I chuckle when I ask others if they would like to work with their siblings because I usually get a sarcastic response in return. “We would kill each other,” I often hear. My sisters and I have chosen to do exactly this, and we haven’t killed each other yet! All kidding aside, this has made us all better leaders. While I could – and maybe someday will – write a book on this topic, what follows are three lessons that I have learned working with my sisters, lessons I believe that are helpful for all leaders.
The overarching lesson I have learned can be summed up this way: when in doubt, talk it out. There is nothing worse relationally than “assuming.” Assumptions can often lead one to think the other person has motives that, in reality, they do not. The closer the relationship, the more this is so as we often mistake proximity for knowledge. Thus, my sisters and I have made it a point to intentionally get together and talk through issues (NOT just when they come up). We have a quarterly meeting on the calendar, and another meeting set for every other week throughout the year. We do this so that we have a rhythm of meeting in our schedule. Otherwise, our natural tendency is to avoid difficult subject matters. A rhythm of meetings ensures that we have space to talk about everything. This takes a lot of intentionality, but it is what has helped us grow our relationships to where they are now.
The next lesson is to talk directly with each other, rather than processing an issue with another family member. We have come to call this “triangularization.” In other words, if I have an issue with one sister, I shouldn’t go process the issue with the other sister (creating a “triangle” and putting the other sibling in-between). Rather, I should go talk directly with the sister I have the issue with. The implications for leadership with this one are rather easy to see. For, a leader should never process an issue they have with someone they lead with another person on the same team. It is always best to talk directly with the person you have the issue with.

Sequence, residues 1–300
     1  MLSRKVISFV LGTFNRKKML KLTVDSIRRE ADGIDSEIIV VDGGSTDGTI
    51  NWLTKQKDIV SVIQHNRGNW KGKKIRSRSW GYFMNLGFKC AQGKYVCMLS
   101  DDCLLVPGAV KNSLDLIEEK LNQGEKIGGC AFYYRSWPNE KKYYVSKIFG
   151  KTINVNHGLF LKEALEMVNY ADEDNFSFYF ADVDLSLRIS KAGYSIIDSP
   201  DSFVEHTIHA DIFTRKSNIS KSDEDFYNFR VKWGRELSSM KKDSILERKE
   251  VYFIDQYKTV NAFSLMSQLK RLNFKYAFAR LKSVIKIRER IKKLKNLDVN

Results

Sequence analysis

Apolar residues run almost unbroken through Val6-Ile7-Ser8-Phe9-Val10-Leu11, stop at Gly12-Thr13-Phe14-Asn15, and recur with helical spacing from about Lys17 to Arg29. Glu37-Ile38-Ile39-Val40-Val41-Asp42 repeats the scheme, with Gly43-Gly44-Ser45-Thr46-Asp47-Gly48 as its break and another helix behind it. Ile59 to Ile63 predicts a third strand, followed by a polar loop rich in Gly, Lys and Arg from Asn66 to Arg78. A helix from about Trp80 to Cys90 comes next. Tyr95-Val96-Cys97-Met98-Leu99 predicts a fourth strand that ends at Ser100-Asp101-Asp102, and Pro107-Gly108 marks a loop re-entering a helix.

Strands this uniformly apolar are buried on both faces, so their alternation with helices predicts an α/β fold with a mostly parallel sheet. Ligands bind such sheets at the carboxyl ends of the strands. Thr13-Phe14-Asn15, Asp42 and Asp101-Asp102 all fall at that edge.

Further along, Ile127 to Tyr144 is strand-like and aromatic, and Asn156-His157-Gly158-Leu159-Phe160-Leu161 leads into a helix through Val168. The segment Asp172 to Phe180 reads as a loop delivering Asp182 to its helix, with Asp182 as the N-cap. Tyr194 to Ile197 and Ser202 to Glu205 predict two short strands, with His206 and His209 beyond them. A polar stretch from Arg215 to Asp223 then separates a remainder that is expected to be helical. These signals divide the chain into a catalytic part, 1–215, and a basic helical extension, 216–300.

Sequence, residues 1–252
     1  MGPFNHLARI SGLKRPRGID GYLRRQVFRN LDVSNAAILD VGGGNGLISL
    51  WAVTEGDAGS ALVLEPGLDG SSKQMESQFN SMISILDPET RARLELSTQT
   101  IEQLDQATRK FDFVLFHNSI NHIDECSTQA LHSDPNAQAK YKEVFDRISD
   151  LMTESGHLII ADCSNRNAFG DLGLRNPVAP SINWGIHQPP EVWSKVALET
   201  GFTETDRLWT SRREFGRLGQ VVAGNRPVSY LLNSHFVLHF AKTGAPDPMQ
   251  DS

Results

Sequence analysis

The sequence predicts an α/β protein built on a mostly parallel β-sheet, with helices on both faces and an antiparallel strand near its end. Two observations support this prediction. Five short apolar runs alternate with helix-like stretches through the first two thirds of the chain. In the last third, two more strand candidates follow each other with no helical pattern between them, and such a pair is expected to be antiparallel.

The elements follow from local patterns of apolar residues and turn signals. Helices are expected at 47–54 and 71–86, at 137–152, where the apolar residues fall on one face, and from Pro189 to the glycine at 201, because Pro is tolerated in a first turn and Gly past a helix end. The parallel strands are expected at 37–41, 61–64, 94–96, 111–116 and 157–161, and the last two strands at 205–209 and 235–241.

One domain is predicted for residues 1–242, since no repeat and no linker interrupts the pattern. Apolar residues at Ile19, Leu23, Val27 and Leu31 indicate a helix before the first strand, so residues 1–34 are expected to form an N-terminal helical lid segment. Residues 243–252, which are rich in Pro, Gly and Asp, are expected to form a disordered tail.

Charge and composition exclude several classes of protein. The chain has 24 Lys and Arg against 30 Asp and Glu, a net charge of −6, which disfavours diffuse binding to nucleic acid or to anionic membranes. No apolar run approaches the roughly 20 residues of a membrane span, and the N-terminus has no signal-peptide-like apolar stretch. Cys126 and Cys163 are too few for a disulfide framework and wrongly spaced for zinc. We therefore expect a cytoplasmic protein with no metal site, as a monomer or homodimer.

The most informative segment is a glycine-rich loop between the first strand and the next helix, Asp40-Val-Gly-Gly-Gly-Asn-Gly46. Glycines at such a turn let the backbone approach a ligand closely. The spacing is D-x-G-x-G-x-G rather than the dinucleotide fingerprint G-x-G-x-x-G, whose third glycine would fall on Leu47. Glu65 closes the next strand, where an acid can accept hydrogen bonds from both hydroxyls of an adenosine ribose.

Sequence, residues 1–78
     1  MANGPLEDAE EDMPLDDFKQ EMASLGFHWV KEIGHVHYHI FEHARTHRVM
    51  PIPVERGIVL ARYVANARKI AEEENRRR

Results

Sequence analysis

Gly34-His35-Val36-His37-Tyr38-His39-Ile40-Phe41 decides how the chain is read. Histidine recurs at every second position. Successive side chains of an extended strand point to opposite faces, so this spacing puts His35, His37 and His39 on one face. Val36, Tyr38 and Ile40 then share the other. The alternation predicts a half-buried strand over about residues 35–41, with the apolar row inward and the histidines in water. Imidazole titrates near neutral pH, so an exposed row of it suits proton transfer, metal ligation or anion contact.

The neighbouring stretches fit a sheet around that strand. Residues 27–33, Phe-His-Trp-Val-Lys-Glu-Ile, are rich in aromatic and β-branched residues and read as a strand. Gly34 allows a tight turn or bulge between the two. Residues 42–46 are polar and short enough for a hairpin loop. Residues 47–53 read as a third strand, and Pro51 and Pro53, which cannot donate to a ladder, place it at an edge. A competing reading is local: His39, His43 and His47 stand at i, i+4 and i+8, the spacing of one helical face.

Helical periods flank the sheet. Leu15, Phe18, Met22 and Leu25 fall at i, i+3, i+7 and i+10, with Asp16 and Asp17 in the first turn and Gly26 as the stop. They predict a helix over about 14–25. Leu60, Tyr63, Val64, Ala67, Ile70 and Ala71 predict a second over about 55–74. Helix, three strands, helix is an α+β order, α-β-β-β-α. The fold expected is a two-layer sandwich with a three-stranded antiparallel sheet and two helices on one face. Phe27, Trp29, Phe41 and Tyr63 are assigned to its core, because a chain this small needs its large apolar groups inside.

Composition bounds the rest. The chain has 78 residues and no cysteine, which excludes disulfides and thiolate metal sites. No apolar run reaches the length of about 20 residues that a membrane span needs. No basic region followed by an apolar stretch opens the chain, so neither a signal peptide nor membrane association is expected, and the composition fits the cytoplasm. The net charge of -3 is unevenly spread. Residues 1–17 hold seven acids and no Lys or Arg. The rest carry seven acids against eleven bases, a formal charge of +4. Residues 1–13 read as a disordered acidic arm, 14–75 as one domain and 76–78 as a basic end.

Finally, working with my sisters has taught me to give others the benefit of the doubt. The three of us made a covenant that we would “assume the best” in each other, and that we would give each other extra servings of grace. It is inevitable that when talking about key business initiatives, like succession planning, that we will say things that we wish, in retrospect, had come out a little different. But by living this virtue, I can record that we have never had a MAJOR relational conflict because we have given each other the benefit of the doubt. We even went on a Disney Cruise with our spouses and kids over Spring Break, something some non-working siblings even cringe at! The point is that we have given each other grace — work is important but life is more than work – and that has allowed our sibling, and business, relationships to grow the past decade.
To be 100% clear, I do not claim my sisters and I have a perfect working relationship –whatever that is–, or that we have figured it all out. We have not. If anything, we are at where we are at because of a TON of prayer, a TON of intentionality, and a TON of humility. I am proud that we have each laid our egos down, the best we can, and have found a way to work and lead together. This will continue to be a daily occurrence for us to succeed for the, hopefully, decades to come.
Business is hard, whether you work with siblings or not. These three principles will help you create more relational peace in the midst of the expected, even inevitable, business challenges.